Home 

Auction $ 
Sy - Index
Grif - Index
A - Z Index
Scrapbook 
Animations 
Slide Show 
Feedback 
 YouTube \
Puzzles
Foundry 
Search 
Links 

 Join    

 Adv    
What's New 
Web Notes 
 
MBCA
Members
Web
 
A-Z Index  
Date Index 
Conventions 
Scrapbooks   
European Tin 
Videos 
Notes  
 

 


Gwenda Money Box
by Sy Schreckinger ANTIQUE TOY WORLD Magazine July, 2011

     OUR SUBJECT, this article, features the image of a frog, bearing testimony to the majesty of Mother Nature. Who, after all, could create a more appropriate creature to grace a penny savings bank?
During the latter portion of the nineteenth and early twentieth centuries, this whimsical, cavernous-mouthed amphibian proved to be a popular subject for the plethora of mechanical banks produced in this country and abroad. Included among those penny gobblers were: "Professor Pug Frog's Great Bicycle Feat", "Chief Big Moon", "Goat, Frog and Old Man", "Initiating Bank, First Degree", "Two Frogs", "Frog on Rock", "Snake and Frog In Pond", "Flip the Frog", "Frog on Arched Track", and, our focus of discussion, "Gwenda Money Box" (Figure 1).
     To date, there is scant information pertaining to the manufacturer of "Gwenda Money Box". This is attributed to a lack of advertising and catalog data. Fortunately, however, much of the bank's heritage is revealed by the following words exhibited on the mechanicals facade: Gwenda MONEY BOX, MADE IN ENGLAND, PROV. PAT. 2628/36" (refer to Figure 1).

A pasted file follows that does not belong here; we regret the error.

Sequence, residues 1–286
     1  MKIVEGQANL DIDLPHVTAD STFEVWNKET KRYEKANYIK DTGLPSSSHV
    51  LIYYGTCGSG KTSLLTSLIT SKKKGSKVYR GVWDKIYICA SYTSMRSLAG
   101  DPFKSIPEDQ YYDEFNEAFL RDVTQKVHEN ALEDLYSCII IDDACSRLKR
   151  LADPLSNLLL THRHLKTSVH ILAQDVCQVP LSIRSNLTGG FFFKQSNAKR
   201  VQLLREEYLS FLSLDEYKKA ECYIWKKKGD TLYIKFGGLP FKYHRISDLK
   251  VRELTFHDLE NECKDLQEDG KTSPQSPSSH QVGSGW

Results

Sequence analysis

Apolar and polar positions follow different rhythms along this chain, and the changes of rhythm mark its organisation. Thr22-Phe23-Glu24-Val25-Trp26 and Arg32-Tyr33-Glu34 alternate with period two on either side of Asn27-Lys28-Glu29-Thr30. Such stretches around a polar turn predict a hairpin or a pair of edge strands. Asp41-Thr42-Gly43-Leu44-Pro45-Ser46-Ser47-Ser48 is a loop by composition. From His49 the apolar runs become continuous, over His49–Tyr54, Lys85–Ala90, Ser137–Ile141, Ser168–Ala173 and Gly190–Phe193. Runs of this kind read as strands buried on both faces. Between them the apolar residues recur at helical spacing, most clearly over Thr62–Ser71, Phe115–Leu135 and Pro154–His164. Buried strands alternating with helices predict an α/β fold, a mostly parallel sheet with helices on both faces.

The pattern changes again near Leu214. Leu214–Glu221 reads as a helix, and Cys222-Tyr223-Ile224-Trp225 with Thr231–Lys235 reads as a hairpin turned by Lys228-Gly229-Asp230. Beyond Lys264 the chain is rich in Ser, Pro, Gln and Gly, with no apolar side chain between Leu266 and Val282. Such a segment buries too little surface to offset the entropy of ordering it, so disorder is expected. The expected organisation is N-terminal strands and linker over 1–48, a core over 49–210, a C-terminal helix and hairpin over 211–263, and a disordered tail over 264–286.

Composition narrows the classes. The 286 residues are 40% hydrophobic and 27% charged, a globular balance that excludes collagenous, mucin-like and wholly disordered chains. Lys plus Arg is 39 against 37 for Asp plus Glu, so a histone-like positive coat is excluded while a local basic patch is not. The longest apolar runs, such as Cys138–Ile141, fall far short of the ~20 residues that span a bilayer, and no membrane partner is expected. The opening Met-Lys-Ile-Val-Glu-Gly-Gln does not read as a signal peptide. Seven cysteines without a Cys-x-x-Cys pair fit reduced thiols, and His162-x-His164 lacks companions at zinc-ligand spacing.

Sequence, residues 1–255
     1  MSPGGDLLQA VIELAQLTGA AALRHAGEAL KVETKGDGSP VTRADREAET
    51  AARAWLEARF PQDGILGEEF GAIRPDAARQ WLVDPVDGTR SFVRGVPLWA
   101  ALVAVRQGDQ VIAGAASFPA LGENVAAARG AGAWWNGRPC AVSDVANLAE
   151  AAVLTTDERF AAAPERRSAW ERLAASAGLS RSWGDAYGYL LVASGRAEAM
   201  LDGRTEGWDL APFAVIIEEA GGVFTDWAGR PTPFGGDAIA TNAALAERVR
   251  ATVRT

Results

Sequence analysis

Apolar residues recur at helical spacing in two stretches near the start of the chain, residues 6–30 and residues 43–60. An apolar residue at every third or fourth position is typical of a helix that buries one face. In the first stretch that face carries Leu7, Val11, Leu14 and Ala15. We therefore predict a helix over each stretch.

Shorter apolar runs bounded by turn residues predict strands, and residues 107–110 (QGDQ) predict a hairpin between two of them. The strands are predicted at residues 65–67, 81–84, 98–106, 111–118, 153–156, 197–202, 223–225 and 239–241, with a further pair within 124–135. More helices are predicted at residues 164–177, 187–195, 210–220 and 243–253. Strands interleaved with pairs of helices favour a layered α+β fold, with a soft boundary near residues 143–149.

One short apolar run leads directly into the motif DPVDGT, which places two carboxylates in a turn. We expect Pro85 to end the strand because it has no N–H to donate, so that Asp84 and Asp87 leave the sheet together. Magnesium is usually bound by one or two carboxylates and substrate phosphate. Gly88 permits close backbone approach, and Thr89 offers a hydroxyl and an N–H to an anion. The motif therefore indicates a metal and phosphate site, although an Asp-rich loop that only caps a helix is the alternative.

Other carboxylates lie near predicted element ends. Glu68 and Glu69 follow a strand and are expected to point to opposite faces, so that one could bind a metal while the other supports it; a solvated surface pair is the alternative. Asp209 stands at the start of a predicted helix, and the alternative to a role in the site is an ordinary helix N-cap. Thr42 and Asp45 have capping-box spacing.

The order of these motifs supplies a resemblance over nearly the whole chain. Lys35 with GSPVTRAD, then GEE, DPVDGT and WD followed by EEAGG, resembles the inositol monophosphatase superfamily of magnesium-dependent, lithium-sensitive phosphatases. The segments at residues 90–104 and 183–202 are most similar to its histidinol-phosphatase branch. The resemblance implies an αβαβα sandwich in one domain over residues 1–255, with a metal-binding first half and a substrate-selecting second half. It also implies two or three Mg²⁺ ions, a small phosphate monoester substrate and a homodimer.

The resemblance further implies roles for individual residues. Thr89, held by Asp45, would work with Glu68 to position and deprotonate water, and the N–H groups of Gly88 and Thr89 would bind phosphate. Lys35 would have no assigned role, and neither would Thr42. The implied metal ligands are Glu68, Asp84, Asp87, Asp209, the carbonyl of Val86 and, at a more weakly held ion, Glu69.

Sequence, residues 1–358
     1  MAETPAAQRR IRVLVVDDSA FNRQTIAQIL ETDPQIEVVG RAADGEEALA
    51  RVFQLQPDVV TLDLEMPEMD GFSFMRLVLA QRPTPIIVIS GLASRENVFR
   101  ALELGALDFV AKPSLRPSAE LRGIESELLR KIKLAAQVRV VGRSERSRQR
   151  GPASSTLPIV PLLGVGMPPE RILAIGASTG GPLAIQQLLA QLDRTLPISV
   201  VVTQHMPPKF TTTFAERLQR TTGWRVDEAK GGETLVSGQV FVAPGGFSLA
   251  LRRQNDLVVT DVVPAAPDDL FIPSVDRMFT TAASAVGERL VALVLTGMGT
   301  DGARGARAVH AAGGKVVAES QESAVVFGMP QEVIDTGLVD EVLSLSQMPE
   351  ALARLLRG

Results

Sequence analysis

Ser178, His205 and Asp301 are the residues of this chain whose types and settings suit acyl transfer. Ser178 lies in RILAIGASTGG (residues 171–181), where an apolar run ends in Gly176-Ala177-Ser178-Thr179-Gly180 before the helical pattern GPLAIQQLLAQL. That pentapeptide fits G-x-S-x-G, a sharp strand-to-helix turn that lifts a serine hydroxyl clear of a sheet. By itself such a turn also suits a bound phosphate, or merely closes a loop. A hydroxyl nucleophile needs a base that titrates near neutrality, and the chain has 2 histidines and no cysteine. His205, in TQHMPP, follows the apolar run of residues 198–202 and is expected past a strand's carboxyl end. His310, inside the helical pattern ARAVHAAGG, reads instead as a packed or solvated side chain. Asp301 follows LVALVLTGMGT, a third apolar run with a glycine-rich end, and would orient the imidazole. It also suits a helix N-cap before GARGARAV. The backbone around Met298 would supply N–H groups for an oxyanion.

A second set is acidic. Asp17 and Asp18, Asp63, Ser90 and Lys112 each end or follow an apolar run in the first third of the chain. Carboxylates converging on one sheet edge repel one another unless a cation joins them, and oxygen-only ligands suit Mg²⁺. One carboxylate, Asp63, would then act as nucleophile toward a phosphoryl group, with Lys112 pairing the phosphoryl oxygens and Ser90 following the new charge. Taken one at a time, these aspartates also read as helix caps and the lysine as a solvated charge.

Of interest is the fact that "Gwenda Money Box" is one of a few select "antique" mechanical banks. Its action is dependent solely upon an electric current produced by a flashlight battery. (Other members of this group include "Wireless Bank" "Statue of Liberty Bank" and "Small Lighthouse Bank".)
     Figure 2 represents a view of the inside top cover and battery-powered mechanism of the "Gwenda" bank. Figure 3 (the obverse of Figure 2) represents the face of "Gwenda" with its light bulb eyes.
     Action of "Gwenda Money Box" is uncomplicated, entertaining and effective. A coin is placed within the slot located below "Gwenda's" mouth. Upon insertion, its light bulb eyes "light up"; as the coin descends within the bank, the bulbs automatically "turn off". Deposits are removed by gently prying the top cover (i.e. "Gwenda's" face) from the cylindrical body of the bank.
     Aside from the humorous depiction of the frog's face on its top cover, "Gwenda's" appeal to children is further enhanced by the colorful display of a few fairy tale images embracing the sides of the bank. "Red Riding Hood" is seen in Figure 4, "Little Bo Peep" in Figure 5, and, lastly, Humpty Dumpty is seen in Figure 6.
     "Gwenda Money Box" is composed primarily of brightly lithographed tinplate. The exceptions are its glass eye bulbs and an inner cardboard insulation disk (refer to Figure 2).
     Despite its simplistic design and diminutive size (Height: 3-5/8 inches. Diameter: 3 inches), "Gwenda Money Box" is an attractive and extremely desirable addition to a mechanical bank collection. It is considered quite rare, with only a handful of completely original and operational examples known to reside on the shelves of a few fortunate collectors.
     Acknowledgment: The fine example of "Gwenda Money Box" (Figure 1) is in the collection of Bob Weiss.

 [ Top] [ Back ]